Nicene and Ante-Nicene Fathers, Ser. II, Vol. III:Early Church Fathers Index Previous Next
Life and Works of Rufinus with Jerome's Apology Against Rufinus.: You speak of the Egyptian Bishop Paul. We received him, though an Origenist, as a stranger; and he has united himself to the orthodox faith. Not only Theophilus but the Emperors condemn Origen.
18. I can tell you of something which may make him still dearer to us, though more odious to you. A short time ago, the faction of the heretics which was scattered away from Egypt and Alexandria came to Jerusalem, and wished to make common cause with him, so that as they suffered together, they might have the same heresy imputed to them. But he repelled their advances, he scorned and cast them from him: he told them that he was not an enemy of the faith and was not going to take up arms against the Church: that his previous action had been the result of vexation not of unsoundness in the faith; and that he had sought only to prove his own innocence, not to attack that of others. You profess to consider an imperial rescript upsetting an episcopal decree to be an impiety. That is a matter for the responsibility of the man who obtained it. But what is your opinion of men who, when they have been themselves condemned, haunt the palaces of the great, and in a serried column make an attack on a single man who represents the faith of Christ? However, as to my own communion with the Pope Theophilus, I will call no other witness than the very man whom you pretend that I injured. 3178 His letters were always addressed to me, as you well know, even at the time when you prevented their being forwarded to me, and when you used daily to send letter carriers to him repeating to him with vehemence that his opponent was my most intimate friend, and telling the same falsehoods which you now shamelessly write, so that you might stir up his hatred against me and that his grief at the supposed injury done him might issue in oppression against me in matters of faith. But he, being a prudent man and a man of apostolical wisdom, came through time and experience to understand both our loyalty to him and your plots against us. If, as you declare, my followers stirred up a plot against you at Rome and stole your uncorrected manuscripts while you were asleep; who was it that stirred up the pope Theophilus against the public enemy in Egypt? Who obtained the decrees of the princes against them, and the consent of the whole of this quarter of the world? Yet you boast that you from your youth were the hearer and disciple of Theophilus, although he, before he became a bishop, through his native modesty, never taught in public, and you, after he became a Bishop, were never at Alexandria. Yet you dare, in order to deal a blow at me, to say “I do not accuse, or change, my masters.” If that were true it would in my opinion throw a grave suspicion on your Christian standing. As for myself, you have no right to charge me with condemning my former teachers: but I stand in awe of those words of Isaiah: 3179 “Woe unto them that call evil good and good evil, that put darkness for light and light for darkness, that call bitter sweet and sweet bitter.” But it is you who drink alike the honeywine of your masters and their poisons, who have fallen away from your true master the Apostle, who teaches that neither he himself or an angel, if they err in matters of faith, must not be followed.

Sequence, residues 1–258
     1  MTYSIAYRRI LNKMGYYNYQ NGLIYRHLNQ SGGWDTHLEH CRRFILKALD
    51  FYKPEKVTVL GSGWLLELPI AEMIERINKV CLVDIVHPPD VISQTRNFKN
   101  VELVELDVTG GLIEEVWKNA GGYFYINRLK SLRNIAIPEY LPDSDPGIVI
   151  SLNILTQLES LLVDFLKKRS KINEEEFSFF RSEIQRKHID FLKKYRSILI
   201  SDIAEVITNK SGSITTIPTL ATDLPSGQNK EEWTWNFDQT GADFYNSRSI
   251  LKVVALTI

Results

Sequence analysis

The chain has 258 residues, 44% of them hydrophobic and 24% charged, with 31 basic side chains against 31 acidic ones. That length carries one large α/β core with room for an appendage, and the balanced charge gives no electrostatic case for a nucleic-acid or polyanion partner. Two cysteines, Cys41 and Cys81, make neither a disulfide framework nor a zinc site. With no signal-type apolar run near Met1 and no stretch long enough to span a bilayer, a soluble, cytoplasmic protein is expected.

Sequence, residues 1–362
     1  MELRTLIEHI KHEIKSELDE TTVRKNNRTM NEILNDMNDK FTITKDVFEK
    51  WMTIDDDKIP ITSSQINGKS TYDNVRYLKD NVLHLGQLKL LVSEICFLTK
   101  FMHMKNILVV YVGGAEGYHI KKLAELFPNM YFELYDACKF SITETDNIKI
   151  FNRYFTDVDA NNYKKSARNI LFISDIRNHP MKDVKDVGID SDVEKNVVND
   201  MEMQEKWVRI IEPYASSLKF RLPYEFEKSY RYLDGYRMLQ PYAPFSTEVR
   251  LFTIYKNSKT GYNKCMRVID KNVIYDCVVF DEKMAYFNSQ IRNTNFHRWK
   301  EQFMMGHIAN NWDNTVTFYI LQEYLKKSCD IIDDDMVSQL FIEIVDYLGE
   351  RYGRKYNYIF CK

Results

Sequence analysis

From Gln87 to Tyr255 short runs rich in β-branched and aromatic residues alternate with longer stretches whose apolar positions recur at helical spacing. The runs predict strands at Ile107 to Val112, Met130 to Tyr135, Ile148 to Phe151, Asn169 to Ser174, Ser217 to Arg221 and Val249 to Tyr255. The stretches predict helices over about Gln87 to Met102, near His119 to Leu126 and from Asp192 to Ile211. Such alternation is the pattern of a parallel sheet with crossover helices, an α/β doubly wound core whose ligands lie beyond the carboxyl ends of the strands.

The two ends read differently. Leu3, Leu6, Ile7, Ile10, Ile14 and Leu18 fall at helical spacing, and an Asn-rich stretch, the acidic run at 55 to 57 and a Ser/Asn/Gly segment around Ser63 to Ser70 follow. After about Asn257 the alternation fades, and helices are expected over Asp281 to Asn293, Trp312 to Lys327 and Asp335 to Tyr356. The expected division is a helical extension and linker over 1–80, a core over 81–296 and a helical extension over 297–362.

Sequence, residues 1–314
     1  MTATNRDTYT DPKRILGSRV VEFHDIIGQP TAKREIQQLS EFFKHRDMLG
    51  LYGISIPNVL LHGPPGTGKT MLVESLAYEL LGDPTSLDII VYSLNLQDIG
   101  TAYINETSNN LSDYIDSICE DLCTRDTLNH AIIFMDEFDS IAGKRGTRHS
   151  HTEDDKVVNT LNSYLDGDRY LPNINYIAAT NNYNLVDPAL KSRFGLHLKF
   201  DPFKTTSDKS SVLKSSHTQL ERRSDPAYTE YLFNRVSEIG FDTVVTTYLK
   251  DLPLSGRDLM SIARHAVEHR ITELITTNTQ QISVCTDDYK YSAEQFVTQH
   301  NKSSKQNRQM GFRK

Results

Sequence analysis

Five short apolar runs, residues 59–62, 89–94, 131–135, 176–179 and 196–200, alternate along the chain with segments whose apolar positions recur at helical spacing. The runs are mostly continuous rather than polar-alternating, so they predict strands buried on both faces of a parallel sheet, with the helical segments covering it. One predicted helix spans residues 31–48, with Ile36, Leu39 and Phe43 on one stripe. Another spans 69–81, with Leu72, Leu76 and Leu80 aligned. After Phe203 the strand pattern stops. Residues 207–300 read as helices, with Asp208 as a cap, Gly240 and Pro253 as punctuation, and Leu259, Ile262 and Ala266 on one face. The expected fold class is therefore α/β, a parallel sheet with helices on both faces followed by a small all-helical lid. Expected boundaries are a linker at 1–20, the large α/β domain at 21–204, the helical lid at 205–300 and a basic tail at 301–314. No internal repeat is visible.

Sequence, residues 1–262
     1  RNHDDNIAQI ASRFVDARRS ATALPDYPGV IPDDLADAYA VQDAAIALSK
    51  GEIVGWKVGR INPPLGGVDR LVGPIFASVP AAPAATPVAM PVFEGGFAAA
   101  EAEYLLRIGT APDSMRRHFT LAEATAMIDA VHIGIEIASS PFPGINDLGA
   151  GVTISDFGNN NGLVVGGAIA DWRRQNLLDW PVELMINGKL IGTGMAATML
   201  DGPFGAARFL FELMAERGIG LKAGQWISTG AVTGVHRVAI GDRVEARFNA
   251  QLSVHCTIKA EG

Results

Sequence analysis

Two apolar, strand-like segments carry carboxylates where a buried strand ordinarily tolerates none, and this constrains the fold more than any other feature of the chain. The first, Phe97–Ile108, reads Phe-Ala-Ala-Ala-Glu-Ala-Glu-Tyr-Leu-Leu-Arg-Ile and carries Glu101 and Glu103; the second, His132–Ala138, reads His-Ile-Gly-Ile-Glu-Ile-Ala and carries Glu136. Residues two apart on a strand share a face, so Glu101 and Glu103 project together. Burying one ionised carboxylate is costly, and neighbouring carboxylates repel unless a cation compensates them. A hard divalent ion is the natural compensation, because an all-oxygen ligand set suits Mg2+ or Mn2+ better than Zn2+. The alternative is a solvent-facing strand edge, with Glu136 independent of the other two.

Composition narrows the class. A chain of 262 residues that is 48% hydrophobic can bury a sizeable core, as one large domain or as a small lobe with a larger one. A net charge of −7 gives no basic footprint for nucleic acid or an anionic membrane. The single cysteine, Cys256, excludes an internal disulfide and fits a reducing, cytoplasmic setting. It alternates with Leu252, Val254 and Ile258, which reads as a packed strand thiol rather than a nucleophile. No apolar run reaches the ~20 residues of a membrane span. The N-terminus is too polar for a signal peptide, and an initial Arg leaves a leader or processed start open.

Is. v. 20
Next: Against Vigilantius I wrote only what was right. I knew who had stirred him up against me.
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